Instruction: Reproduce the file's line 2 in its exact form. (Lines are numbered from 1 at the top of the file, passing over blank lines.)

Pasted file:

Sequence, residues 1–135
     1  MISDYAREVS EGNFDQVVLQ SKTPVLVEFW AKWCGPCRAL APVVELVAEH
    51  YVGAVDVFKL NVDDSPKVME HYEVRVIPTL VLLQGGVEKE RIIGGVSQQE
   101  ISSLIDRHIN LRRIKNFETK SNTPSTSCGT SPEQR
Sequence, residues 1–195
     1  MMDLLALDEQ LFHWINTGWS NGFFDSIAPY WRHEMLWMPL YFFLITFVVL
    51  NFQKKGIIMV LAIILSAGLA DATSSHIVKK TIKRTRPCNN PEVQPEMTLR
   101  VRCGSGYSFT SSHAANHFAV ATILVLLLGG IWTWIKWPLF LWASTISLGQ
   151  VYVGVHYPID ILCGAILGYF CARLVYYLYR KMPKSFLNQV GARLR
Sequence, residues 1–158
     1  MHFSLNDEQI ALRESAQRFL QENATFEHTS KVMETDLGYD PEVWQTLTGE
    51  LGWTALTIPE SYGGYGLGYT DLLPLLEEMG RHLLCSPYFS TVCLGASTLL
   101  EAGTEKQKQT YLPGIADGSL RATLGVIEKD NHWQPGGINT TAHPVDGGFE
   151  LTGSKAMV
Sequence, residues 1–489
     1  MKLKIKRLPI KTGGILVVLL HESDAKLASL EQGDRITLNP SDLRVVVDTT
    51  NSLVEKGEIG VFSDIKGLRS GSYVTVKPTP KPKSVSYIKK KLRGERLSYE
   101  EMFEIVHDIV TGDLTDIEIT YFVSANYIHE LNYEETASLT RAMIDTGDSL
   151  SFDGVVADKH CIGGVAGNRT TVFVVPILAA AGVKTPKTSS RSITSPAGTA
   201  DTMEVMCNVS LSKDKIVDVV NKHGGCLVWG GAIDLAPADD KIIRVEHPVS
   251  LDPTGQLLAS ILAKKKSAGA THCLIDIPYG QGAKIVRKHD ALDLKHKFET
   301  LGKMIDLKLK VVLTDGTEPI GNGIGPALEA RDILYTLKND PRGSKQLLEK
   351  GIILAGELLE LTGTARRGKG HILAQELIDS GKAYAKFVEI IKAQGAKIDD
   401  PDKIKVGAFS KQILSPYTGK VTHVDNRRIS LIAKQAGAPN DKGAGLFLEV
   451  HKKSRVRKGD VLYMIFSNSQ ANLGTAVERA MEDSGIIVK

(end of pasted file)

     1  MISDYAREVS EGNFDQVVLQ SKTPVLVEFW AKWCGPCRAL APVVELVAEH